Following PhD research at IHE Delft, Mr. Chalachew Mulatu presented and successfully defended his PhD thesis and was awarded with a Doctoral degree on 16 December 2021. Professor Michael McClain is his promotor and Dr. Alessandra Crosato his co-promotor. Dr. Mulatu shared a few insights as he embarks on a new chapter of his life.
My thesis in a nutshell
In my PhD research, I studied what consequences the damming of the Ribb River, in Ethiopia’s Lake Tana basin, has on the downstream river system. I looked at the hydrological, morphological, and ecological consequences – that is, how the damming affects the river flows, the shape of the riverbed and the river’s path, and the eco-system in and around the river.
The Ribb Dam irrigation project - a dam and a diversion weir 77 km and 50 km upstream of the Ribb River mouth – will irrigate 15,000 ha of the Fogera Plain, which is home to cattle and cash crop farms, as well as wetlands that provide important habitats for fish and bird species.
I first analysed the changes in the river bed level and the path taken by the river before the dam was built, using aerial photographs, satellite images, and field data that covered the past 59 years. I used this analysis to study how future dam operations would affect the river and assessed what consequences different ways of operating the dam would have, and then I selected the operation approach that causes the least damage. I also studied how the Ribb Dam affects the seasonal flooding of the Fogera Plain’s wetlands and the wildlife habitat it provides.
My results aim to help authorities in charge of the dam – the Ministry of Water Resources and Development, and the Amhara Water Resources Bureau - choose the best operational approach. They may use the results to operate the dam to get sustainable development with less side effects. The findings may also be used to operate other planned dams in the area.
On a global level, the results contribute to knowledge on the hydro-morphological and environmental impacts of dams on low-land river systems. The hydrological and hydrodynamic models I developed can be applied elsewhere to study future hydro-morphological and ecological changes that may arise due to other dam operations or climate change, and my findings provide insights into what changes might be expected.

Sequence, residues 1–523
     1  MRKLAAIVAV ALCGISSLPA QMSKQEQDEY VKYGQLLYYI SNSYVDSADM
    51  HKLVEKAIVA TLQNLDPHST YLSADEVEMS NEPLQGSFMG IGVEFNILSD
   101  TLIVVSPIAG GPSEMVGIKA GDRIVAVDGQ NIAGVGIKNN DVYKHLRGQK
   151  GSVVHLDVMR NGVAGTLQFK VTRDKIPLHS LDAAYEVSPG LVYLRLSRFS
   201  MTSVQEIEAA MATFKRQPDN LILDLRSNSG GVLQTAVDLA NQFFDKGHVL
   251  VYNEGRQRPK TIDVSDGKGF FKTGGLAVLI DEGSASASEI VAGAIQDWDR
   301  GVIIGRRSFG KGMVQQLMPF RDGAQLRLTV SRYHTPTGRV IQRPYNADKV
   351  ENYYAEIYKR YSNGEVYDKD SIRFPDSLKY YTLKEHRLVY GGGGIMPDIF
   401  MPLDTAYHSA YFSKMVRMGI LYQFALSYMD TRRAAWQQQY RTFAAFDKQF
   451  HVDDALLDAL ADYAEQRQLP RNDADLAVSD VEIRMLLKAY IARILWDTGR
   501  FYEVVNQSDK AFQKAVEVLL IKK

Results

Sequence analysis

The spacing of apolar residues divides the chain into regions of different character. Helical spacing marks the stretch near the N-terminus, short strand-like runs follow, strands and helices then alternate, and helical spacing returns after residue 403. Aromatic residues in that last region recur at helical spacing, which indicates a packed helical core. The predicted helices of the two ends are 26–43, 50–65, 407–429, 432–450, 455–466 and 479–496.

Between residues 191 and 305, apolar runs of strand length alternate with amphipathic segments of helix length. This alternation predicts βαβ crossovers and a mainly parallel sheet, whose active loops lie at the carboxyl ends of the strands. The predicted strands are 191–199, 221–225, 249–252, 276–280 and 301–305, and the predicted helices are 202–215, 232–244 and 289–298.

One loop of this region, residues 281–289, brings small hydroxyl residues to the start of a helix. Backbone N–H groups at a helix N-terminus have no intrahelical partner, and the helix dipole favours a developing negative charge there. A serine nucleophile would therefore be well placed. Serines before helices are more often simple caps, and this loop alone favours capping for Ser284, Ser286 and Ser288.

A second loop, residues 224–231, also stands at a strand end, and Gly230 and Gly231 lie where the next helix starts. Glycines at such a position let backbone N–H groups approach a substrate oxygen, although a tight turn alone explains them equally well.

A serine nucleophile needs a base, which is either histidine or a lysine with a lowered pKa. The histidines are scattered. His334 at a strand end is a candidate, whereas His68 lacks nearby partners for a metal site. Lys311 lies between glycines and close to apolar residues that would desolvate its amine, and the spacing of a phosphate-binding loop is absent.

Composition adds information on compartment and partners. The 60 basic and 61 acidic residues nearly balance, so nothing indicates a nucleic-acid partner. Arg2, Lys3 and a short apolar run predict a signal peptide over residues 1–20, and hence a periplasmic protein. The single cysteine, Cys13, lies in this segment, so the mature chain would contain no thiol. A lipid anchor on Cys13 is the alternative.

Challenges during my PhD studies
I found that proposal development was the most challenging. After collecting and analysing field data writing scientific journal articles that explained my findings succinctly and clearly were other challenges.
The influence of my PhD research and degree
In an ideal world, my PhD work would lead to sustainable water resources development, in particular in the Lake Tana Basin of Ethiopia. Projects for irrigation, hydropower, and water supply strongly affect rivers as water resources and their sediment transport and ecological conditions. However, not enough attention is given to these projects’ effects on river basins. How will river systems downstream of dams be affected? What will be the hydrological and ecological consequences? My PhD research findings can be considered as a starting point for studies of the hydrological, morphological, and ecological consequences of dam construction.
The current conflict in my country, Ethiopia, does not allow anyone to plan for tomorrow. However, I hope that this will change. If we have a normal situation, in the next few years, I plan to do more research at the watershed level. I will study the impacts of dam breach analysis on the river’s morphological changes and the flooding of areas downstream of the dam. I plan to continue to teach and supervise undergraduate and postgraduate students. If possible, I hope to do post-doc research work in my field.
If I could advise myself I started my PhD…
I would advise myself not to read too many articles when preparing the PhD proposal – instead, discuss with senior PhD fellows to get an idea on how they started their PhD research work and to get tips on how to use time effectively. Also, start preparing journal articles on time as the review process may take a long time.
Thesis title: Downstream consequences of Ribb River Damming, Lake Tana Basin, Ethiopia
This study assessed the downstream river system adaptation in response to upstream damming on the Ribb River, Ethiopia, to irrigate 15,000 ha. It combined primary and secondary data, and the application of remote sensing and mathematical modeling. The pre-dam morphodynamic trends of the Ribb River were analyzed for 59 years based on aerial photographs, satellite images, and newly collected field data. Three dam operation scenarios were developed to analyze the long-term hydro-morphological effects of the dam on the downstream river reaches. It also assessed the applicability of physics-based analytical equations (Equilibrium Theory) compared to a 1D numerical model (SOBEK-RE) to determine the least-morphologically impactful dam operation scenario on the river reaches downstream of the dam. Moreover, a HEC-RAS 2D hydrodynamic model was developed to assess the effect of the dam on the flooding extent of the Fogera Plain. This was used to study the potential implications of hydrological alteration on the ecology of the floodplain wetlands, as they are the habitats of important fish and bird species. The results contribute to knowledge on the hydro-morphological and environmental impacts of dams on downstream river systems. The developed methodologies and findings may be used to study future hydro-morphological and ecological changes that may arise due to other dam operations or climate change.